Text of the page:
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Is business at risk from a pro-business education policy?

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The employability of graduates and school leavers has become one of the dominant discourses of education policy.  The skills and capabilities of graduates, and the production of knowledge, are held to be central to the UK’s economic competitiveness.

This has been a key justification for government interventions into the education sector, from James Callaghan’s “great debate”, through to the National Curriculum and countless white papers and reforms.  Central to much of this has been a desire to more closely align education provision with the demands of employers, in response to supposed market failures.

Yet is this ostensibly business-centric approach actually a danger to the ability of the business community to satisfy its skills needs?

Boden and Nedeva argue that three things have happened:

  1. Government policy has replaced labour market relations as the moderating influence in the relationship between education and employers.
  2. “Employability” has shifted from being a measure of what the market wants to the sum total of personal qualities held by individual graduates.
  3. Education providers – particularly universities – have come under increasing pressure to turn their provision into regularised, measurable commodities.

Why might this be bad for business?  Let’s start with the first argument.  Government policy exists to address perceived market failings; it is assumed that the labour market is not sending the right signals to the education sector.  What this means is that “good” outcomes are now defined according to a narrow, subjective and specific assessment made by policymakers.  Usually this assessment is informed by consultation with business.

But – given that there were an estimated 4.8 million private businesses in the UK at the start of 2012 - this consultation is unlikely to be representative of the vast diversity of businesses and their particular needs.  Thus, what happens is that a small number of higher-profile business figures – the James Dysons and Richard Bransons of this world – get to set the agenda. Policy is built around ideas that can be condensed into media-friendly terms: entrepreneurialism, high-tech manufacturing, creative industries and so forth.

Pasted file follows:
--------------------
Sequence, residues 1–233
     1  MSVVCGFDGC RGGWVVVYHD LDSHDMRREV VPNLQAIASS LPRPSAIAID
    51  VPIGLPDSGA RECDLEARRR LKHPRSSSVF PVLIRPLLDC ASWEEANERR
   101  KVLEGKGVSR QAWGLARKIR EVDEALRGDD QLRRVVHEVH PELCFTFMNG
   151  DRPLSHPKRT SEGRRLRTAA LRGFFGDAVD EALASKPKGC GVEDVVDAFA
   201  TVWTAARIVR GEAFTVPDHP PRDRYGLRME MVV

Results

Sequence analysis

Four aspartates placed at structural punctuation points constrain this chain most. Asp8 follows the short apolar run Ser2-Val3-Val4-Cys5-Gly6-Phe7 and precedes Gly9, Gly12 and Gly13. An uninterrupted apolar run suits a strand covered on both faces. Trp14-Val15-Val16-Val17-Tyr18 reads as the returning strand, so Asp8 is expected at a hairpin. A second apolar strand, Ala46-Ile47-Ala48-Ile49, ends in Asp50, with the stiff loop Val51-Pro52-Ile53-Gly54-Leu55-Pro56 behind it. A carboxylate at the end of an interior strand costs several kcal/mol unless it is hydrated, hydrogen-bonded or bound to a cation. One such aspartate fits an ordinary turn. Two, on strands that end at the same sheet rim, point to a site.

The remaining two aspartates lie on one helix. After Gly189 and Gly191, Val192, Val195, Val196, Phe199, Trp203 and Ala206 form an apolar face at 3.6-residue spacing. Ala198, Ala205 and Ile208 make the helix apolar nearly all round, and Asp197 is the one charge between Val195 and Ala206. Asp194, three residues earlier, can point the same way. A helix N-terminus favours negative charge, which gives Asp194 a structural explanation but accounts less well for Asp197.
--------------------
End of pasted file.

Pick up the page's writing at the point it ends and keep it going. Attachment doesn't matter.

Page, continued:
As a business owner, if your needs are neither commonplace nor glamorous, your voice is unlikely to be heard as readily at the top of government.  In fact, your activities and demands are likely to be held as second-order.

The second argument is that “employability” has now become personal rather than contextual.  What this means is that responsibility for success or failure in the labour market is purely the responsibility of the individual.  This leads to policy responses that focus on the individual: an academic curriculum, testing, standards, expectations.  Everyone is viewed through the same lens; local differences become irrelevant.  This also limits the diversity of business needs that can be addressed, since the local context is no longer relevant.

Thirdly, education providers are now under pressure to produce employer-relevant content.  Again, this is largely reduced to the transmission of generic work-related skills according to a central ideology, without reference to the diversity of business requirements.  Some educational providers, such as elite universities, have the reputational capital to resist such instrumental agendas; their graduates continue to be sought-after because of the quality of their intakes and their teaching and learning.  Other institutions, by contrast, become reliant on this instrumental work-skills agenda, which is inevitably derived from a simple, common idea of what employability means.

So can a pro-business education policy put businesses at risk?  Yes, if the dynamic local relations between employers and education providers are replaced by a centralised, simplified, sound-bite vision of what success looks like.  Businesses and education providers can find themselves heavily stratified; A-list business leaders set the direction from their own perspectives, while the bulk of the economy loses its voice.

However, Boden and Nedeva’s analysis gives clues to an alternative approach.  Education and employability policy grounded in local-scal relations between employers and education providers, where government focuses on facilitating thousands of relationships rather than promoting headline ambitions, must offer a better proposition for meeting the needs of a diverse economy.  Not everyone will have access to the same opportunities, but then again not every opportunity will exist in an ideological hierarchy.  Perhaps we will end up less London-centric than at present.

Localism, in this sense, is the courage to let a thousand ideals of employability develop.

Reference

Boden, R and Nedeva, M (2010) ‘Employing discourse: universities and graduate ‘employability”, Journal of Education Policy, 25(1), pp.37-54

 

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Written by Michael Hall

September 22, 2013 at 3:31 pm

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